In 2018, Uganda had the third highest malaria prevalence and seventh highest percentage of malaria deaths according to the World Malaria Report 2019. The report also indicated that 30% of all the people visiting health centres in Uganda that year, had malaria.
As such, the government has reinforced the existing measures employed to reduce the malaria prevalence in the country.
As of today, the Ministry of Health notes that malaria has been reduced from 42% in 2009 to 18% in 2014 and 9% in 2018.
Government interventions in reducing the malaria prevalence
One of the interventions adopted by the government of Uganda in an effort to end malaria is the distribution of free Long Lasting Insecticidal Nets (LLINs) to the public.
This year, the government, through the Health Ministry, has been conducting the ‘Under the Net’ campaign, a national campaign meant to cover all the regions of the country in 6 waves. So far, three waves have been conducted starting with the high burdened areas.
The World Health Organisation notes that Malaria control and elimination programmes should prioritize the delivery of either Insecticide Treated Nets or Indoor Residual Spraying at high coverage and to a high standard, a move the Ministry has implemented.
However, the Ministry emphasizes, other methods which are also effective in reducing the breeding of mosquitoes can also be adopted by households.
The Permanent Secretary Ministry of Health, Dr Diana Atwine revealed that they have embarked on enforcing the President’s directive of engaging leaders in the various categories be it local communities or religious sections, in the fight against preventable diseases like Malaria.
“The countries that have eliminated malaria have not depended on their Ministry of health efforts. They have depended on everyone’s effort to eliminate this disease,” Dr. Atwine said.
She added that although government has tried to reach out to most households distributing free LLINs to people, the activity is wholesomely expensive.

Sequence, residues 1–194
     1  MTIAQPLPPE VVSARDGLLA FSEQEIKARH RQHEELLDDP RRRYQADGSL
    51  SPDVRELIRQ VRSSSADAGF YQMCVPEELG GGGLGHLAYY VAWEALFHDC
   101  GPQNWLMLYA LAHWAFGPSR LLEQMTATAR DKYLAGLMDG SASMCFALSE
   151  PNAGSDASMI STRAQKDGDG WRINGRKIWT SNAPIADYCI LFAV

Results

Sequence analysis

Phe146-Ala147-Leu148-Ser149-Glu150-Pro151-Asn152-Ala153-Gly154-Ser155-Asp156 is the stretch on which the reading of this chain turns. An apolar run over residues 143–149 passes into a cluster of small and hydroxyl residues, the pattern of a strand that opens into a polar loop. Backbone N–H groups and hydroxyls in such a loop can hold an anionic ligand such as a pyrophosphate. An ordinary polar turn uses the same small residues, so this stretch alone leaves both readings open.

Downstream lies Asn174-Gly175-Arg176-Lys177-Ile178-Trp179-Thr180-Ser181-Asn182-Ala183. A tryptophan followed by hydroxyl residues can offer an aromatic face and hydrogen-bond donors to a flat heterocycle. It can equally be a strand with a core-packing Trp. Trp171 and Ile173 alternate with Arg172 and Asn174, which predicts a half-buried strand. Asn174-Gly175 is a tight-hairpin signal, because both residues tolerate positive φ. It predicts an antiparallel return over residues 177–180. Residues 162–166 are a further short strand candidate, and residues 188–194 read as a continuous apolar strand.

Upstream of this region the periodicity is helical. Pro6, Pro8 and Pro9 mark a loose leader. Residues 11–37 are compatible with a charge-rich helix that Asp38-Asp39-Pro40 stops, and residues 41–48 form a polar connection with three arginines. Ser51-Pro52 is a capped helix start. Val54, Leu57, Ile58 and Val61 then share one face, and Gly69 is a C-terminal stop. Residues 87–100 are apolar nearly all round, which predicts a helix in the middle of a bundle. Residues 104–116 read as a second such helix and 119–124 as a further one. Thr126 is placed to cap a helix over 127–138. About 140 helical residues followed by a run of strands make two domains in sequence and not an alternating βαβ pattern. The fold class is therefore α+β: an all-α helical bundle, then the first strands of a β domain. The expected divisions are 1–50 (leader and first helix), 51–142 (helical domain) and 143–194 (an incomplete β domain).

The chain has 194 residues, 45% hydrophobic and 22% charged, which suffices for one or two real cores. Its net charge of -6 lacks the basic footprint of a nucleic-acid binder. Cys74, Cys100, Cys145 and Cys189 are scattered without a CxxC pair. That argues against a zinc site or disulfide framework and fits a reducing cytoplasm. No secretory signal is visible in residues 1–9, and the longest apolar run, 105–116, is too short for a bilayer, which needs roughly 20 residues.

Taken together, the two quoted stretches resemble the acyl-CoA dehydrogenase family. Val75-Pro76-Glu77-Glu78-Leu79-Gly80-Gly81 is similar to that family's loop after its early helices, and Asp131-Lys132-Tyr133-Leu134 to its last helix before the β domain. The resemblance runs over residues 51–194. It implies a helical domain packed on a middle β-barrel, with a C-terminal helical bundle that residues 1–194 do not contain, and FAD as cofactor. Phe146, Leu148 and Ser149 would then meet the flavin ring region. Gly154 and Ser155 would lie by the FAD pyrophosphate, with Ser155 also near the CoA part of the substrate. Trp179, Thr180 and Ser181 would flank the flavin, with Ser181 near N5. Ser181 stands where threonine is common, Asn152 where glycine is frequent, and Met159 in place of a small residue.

According to her, malaria can still be prevented with other simple measures. However, this can only be possible if people know some basic information about them.
“Some people just lack information. For example, some people can afford to buy paint. If you are in your own house and you can paint using plascon, it can help to reduce mosquitoes. It has a composition that kills mosquitoes. So if you paint your house with it, you know that you have directly fumigated and that can go for over years,” she revealed.
She advised those who intend to paint their houses to use such paint, as it can directly repel mosquitoes.
Atwine further noted that some sanitizers also have mosquito repellents in them and these can add a protective layer against mosquito bites.
She asked health educators reach out to their people, especially in providing information to various localities to ensure that people are maintaining good sanitation in the communities.
“Health educators should go out of offices; walk through homes. Health inspectors should play their part too,” she said.
Atwine also cautioned that areas affected by floods are at a bigger risk, although there is hope that this will be solved sooner.
“We have taken note of Amuru because of the climate change; the rain. However, it is not only Amuru that has been affected by the flooding. Even when you go to areas like Mukono, Buliisa or all those areas that are near waterbodies, they are grossly affected. We hope that it is just for a season and it will be sorted,” she said.
“We just need to enhance the communication. I believe that once we continue promoting communicating, the public will be sensitised and therefore will start becoming aware of some of these interventions,” she added.
Government directives on malaria prevention
The Mass Action for Malaria Free Uganda Handbook for leaders by the government of Uganda notes that everyone has a role to play.
Therefore, it states in part, for the case of households, the members are urged to sleep under treated mosquito nets every night throughout they year, check for fever on every family member and report to Village Health Teams or health facilities for testing, treatment, guidance and follow up once fever is observed.
The handbook also urges the members of the various households to take the malaria treatment as advised by health workers, demand for correct information on malaria, attend antenatal care regularly for pregnant women and take at least 3 doses of appropriate medicine once infected.